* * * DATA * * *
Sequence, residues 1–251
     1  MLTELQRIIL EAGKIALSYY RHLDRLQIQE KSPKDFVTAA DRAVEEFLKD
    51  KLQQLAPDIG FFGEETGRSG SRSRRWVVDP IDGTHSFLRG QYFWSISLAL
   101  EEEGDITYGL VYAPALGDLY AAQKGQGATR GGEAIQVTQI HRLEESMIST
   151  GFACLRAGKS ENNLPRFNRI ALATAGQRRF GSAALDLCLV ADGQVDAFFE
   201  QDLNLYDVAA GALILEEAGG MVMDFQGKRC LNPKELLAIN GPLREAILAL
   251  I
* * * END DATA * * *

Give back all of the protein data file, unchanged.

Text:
Sequence, residues 1–251
     1  MLTELQRIIL EAGKIALSYY RHLDRLQIQE KSPKDFVTAA DRAVEEFLKD
    51  KLQQLAPDIG FFGEETGRSG SRSRRWVVDP IDGTHSFLRG QYFWSISLAL
   101  EEEGDITYGL VYAPALGDLY AAQKGQGATR GGEAIQVTQI HRLEESMIST
   151  GFACLRAGKS ENNLPRFNRI ALATAGQRRF GSAALDLCLV ADGQVDAFFE
   201  QDLNLYDVAA GALILEEAGG MVMDFQGKRC LNPKELLAIN GPLREAILAL
   251  I